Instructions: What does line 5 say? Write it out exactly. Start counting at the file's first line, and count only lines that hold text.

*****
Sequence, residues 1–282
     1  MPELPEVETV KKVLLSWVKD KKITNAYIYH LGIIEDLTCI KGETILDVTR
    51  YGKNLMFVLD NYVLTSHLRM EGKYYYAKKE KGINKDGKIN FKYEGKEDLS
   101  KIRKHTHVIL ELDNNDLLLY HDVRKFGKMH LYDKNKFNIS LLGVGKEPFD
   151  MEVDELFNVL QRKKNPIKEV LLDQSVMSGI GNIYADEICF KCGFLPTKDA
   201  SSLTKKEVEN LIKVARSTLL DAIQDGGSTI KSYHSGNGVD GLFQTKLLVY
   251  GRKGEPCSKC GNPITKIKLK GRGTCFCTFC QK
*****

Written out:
   151  MEVDELFNVL QRKKNPIKEV LLDQSVMSGI GNIYADEICF KCGFLPTKDA